Wednesday, November 15, 2006

The Brand of the Holy Spirit

JMJ+D

Excerpts from the Holy Father's Wednesday catechesis:

... For St. Paul the Spirit marks us in our most profound personal intimacy. Here are some of his words that have relevant significance: "The law of the Spirit which gives us life i Jesus Christ has liberated you from the law of sin and death...For you did not receive a spirit of slavery to fall back into fear, but you received a spirit of adoption, through which we cry, 'Abba, Father!'" (Rm 8, 2.15), because as sons, we can call God our Father.

Thus we see that the Christian, even before he acts, already possesses a rich and fecund interior given to him in the sacraments of Baptism and Confirmation, an interior that establishes the objective and original relationship of being a child of God.

Therein lies our dignity: we are not only in the image of God, we are His children. We are invited to live the fact of being a child of God, to be ever more conscious that we are adopted children in the great family of God.

We are invited to transform this objective gift into a subjective reality that determines our thinking, our behavior, our very being. God considers us His children, elevating us to a similar but not equal dignity as Jesus Himself, His only true Son in the full sense. In Jesus, we are given - or rather given back - our filial condition and trustful freedom in relation to God.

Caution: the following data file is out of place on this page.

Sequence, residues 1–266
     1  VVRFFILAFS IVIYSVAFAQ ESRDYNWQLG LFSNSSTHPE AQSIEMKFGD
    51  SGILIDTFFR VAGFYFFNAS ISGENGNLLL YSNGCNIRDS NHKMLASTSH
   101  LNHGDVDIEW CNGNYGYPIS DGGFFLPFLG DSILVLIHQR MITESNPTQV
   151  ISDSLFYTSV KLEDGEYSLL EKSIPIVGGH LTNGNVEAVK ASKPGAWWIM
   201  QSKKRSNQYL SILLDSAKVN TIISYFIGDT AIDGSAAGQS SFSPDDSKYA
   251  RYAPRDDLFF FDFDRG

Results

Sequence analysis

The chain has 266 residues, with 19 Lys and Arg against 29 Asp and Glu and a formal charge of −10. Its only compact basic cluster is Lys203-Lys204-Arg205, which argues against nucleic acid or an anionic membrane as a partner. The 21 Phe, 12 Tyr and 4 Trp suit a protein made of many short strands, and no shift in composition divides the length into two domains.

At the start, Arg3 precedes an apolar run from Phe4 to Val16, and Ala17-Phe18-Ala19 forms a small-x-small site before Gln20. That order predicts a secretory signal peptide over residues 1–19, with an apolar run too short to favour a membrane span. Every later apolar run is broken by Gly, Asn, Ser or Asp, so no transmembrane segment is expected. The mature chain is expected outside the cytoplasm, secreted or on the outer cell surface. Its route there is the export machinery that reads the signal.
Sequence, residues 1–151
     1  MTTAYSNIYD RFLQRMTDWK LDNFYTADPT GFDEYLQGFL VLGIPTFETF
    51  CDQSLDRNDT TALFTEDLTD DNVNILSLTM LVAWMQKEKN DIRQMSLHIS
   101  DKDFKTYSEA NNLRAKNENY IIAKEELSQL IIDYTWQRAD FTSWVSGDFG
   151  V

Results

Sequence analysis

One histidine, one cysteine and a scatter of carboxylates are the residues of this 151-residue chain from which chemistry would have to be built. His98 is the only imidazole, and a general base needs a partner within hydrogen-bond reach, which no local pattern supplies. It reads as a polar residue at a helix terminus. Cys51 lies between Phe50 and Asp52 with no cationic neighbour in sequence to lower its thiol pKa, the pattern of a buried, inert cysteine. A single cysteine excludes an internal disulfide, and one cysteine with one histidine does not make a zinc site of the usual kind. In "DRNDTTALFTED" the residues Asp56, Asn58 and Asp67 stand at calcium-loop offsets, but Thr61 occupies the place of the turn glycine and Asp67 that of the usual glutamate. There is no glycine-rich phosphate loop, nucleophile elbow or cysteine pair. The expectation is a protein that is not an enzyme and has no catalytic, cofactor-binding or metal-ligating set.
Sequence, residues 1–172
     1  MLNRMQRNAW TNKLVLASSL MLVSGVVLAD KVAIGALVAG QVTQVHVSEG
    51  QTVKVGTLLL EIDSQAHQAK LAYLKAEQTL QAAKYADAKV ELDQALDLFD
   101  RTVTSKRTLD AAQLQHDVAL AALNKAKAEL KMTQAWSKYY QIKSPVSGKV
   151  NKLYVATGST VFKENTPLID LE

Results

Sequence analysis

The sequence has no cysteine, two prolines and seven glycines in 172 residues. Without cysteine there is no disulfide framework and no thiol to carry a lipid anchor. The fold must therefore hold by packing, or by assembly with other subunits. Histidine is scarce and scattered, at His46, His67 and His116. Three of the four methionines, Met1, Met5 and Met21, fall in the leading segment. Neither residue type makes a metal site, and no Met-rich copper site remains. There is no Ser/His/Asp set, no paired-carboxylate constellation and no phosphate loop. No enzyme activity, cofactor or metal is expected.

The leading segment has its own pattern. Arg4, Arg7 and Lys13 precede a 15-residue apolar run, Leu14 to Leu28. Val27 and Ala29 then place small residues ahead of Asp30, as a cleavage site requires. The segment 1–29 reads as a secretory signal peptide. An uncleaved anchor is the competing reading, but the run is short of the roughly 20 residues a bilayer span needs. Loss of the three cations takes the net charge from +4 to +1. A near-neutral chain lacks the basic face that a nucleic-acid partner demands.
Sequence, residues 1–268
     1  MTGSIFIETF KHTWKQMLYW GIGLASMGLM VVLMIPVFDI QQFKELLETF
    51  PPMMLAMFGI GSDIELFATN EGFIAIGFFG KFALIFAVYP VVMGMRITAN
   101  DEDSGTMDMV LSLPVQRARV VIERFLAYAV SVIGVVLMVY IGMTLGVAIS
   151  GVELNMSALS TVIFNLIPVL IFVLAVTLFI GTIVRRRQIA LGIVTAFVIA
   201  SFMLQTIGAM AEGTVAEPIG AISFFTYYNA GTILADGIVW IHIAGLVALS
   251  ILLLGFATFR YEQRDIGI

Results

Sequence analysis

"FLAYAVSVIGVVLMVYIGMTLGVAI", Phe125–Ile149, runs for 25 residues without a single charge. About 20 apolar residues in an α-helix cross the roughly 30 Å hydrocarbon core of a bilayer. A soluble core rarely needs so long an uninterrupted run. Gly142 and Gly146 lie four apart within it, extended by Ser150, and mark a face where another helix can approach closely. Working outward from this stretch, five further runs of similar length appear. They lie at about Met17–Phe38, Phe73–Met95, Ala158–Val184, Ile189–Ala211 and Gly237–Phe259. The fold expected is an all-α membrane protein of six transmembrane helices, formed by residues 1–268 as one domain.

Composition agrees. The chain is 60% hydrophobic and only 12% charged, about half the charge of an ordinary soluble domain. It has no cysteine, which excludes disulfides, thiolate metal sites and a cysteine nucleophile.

Paul also teaches us another important thing: that true prayer does not happen without the presence of the Spirit in us. He writes: "...the Spirit comes to the aid of our weakness; for we do not know how to pray as we ought, but the Spirit itself intercedes with inexpressible groanings. And the one who searches hearts knows what is the intention of the Spirit, because it intercedes for the holy ones according to God's will" (Rm 8, 26-27).

That is like saying that the Holy Spirit, that is, the Spirit of the Father and of the Son, has become the soul of our soul, the most secret part of our being, from whom a movement of prayer - whose terms we cannot even specify - constantly arises to God.

The Spirit that is always awake in us makes up for what we lack and offers the Lord our adoration along with our deepest aspirations. Of course, this requires a level of vital communion with the Spirit. And an invitation to be ever more sensible, more attentive to the presence of the Spirit in us, so we can transform this awareness into prayer, feel His presence and learn to pray, to speak to God as His child in the Holy Spirit.


From Papa Ratzi  Posted by Picasa

2 Comments:

Blogger Carmel said...

Thank you for this St.P's :)

2:08 PM  
Blogger Saint Peter's helpers said...

You're welcome Carmel.

4:57 PM  

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